Agents aren’t all you need
Guide to AI
Jun 7, 2024

Agents aren’t all you need

Lessons from Parcha's journey automating compliance workflows

The Promise of AI Agents

We founded Parcha in early 2023, when "AI agents" built with language models emerged. We were inspired by demos showcasing how LLMs and code could dynamically create and execute complex plans using agentic behavior. Frameworks like AutoGPT and BabyAGI emerged, and people started applying this technology to numerous use cases. The demos looked promising, and the excitement around autonomous AI agents was palpable. Soon after, we saw startups emerging  for horizontal (AI Agent platforms) and vertical (AI Agents for specific industries)  use cases like Parcha.

Starting Parcha: The Thesis of AI Agents

We founded Parcha with the thesis that AI agents could automate many operational processes in fintech and banks. Our initial approach was to take a standard operating procedure (SOP) that a human follows to perform an operational process and have an AI agent read and execute those steps autonomously. We developed an agent that would read the SOP and assume the role of the operations expert performing this process today, such as a compliance analyst.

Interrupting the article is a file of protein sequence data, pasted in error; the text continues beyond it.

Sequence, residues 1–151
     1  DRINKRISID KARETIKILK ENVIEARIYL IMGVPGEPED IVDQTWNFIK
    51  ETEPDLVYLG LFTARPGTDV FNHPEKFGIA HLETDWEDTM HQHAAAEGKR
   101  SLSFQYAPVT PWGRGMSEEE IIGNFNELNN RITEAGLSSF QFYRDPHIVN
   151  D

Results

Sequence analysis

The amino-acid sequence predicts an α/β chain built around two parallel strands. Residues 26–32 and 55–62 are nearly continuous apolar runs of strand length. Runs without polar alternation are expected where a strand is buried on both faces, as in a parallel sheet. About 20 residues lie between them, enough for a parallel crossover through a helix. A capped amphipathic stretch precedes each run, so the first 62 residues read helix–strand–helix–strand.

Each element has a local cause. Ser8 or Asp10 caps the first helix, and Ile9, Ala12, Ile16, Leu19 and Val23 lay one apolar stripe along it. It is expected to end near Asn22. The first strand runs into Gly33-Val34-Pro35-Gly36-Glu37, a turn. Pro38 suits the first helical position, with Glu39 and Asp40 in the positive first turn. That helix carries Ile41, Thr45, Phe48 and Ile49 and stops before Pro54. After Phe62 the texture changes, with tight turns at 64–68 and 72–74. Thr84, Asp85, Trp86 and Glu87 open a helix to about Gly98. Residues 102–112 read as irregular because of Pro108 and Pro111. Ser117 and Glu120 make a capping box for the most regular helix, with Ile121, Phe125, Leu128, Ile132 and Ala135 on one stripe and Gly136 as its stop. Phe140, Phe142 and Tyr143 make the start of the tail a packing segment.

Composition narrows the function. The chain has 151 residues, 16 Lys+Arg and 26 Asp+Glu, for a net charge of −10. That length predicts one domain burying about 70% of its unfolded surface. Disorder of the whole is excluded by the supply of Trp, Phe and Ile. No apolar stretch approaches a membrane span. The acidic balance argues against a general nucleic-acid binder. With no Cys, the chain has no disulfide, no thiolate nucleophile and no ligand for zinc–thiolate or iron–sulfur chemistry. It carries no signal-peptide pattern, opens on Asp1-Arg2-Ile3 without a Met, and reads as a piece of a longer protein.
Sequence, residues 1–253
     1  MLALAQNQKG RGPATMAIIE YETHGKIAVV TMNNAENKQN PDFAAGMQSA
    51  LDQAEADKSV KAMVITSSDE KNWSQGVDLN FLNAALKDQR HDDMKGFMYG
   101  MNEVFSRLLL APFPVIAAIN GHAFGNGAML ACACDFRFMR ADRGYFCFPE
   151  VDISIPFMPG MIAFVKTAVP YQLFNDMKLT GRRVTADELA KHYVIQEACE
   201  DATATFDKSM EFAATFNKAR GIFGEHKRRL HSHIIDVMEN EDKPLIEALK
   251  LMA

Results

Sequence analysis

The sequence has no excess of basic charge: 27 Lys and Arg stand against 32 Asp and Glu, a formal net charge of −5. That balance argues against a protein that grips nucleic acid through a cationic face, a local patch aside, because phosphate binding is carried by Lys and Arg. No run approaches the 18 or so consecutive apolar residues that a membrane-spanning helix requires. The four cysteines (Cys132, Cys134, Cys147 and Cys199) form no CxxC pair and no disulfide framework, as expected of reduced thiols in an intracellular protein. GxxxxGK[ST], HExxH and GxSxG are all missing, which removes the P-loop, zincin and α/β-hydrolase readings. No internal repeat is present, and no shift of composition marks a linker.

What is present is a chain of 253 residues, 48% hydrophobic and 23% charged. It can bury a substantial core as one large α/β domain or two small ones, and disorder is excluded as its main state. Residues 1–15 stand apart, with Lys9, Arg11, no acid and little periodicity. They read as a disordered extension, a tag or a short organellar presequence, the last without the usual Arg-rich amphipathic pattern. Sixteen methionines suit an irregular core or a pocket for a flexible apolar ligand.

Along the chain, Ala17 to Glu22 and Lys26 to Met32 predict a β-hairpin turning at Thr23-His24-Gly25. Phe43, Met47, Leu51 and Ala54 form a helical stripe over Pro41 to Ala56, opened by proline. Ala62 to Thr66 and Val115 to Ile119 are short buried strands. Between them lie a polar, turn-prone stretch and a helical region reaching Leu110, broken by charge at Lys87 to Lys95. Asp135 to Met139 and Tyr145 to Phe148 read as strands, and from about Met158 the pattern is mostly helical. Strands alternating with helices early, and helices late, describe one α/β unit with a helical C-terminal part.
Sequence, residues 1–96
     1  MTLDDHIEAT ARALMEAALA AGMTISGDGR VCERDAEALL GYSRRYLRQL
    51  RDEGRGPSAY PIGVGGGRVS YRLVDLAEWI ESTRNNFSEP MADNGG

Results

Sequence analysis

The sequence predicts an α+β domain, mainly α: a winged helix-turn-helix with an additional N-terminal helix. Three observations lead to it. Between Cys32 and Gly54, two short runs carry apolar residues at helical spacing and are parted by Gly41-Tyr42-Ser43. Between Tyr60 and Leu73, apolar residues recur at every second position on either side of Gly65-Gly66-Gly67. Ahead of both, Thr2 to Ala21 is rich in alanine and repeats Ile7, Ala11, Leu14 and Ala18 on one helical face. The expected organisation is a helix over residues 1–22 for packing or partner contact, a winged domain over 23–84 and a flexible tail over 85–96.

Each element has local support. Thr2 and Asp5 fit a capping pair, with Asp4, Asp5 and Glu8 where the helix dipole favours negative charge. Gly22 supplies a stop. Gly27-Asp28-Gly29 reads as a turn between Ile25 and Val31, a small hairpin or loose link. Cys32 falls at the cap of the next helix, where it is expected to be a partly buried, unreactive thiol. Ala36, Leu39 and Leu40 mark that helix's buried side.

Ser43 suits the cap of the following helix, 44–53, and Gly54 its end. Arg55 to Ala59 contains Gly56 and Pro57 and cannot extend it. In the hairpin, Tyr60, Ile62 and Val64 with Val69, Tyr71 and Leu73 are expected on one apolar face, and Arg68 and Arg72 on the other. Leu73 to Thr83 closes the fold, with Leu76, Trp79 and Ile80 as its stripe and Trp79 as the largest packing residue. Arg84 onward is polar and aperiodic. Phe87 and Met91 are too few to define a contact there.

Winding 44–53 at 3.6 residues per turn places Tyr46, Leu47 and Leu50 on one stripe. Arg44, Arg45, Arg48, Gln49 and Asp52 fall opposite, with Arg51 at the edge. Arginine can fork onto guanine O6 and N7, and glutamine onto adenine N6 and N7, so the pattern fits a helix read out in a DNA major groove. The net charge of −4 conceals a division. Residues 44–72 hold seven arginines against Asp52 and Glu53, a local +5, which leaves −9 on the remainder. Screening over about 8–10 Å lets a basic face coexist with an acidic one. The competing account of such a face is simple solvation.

The Parcha agent would generate dynamic plans based on the SOPs provided by our design partners. These plans would guide the agent through each process step, utilizing various tools and commands to execute tasks and record outcomes in the scratchpad. Once it has performed all the steps, the agent will use the SOP and the scratchpad to make a final determination, such as approving or denying a customer, and deliver the result to the end customer. We aimed to create a flexible and adaptive system capable of handling a wide range of workflows with minimal human intervention.

We were not building in a vacuum. From early on, we engaged with design partners — fintech and banks with complex fintech workflows and compliance processes that agreed to work with us and test our agent. These companies saw potential in our technology to achieve their tasks without scaling up their workforce. We used their SOPs and even shadowed sessions where their teams performed these processes manually. We used our platform to build agents for Know Your Business (KYB), Know Your Customer (KYC), fraud detection, credit underwriting, merchant categorization, Suspicious Activity Reports (SARs) filings, and other processes.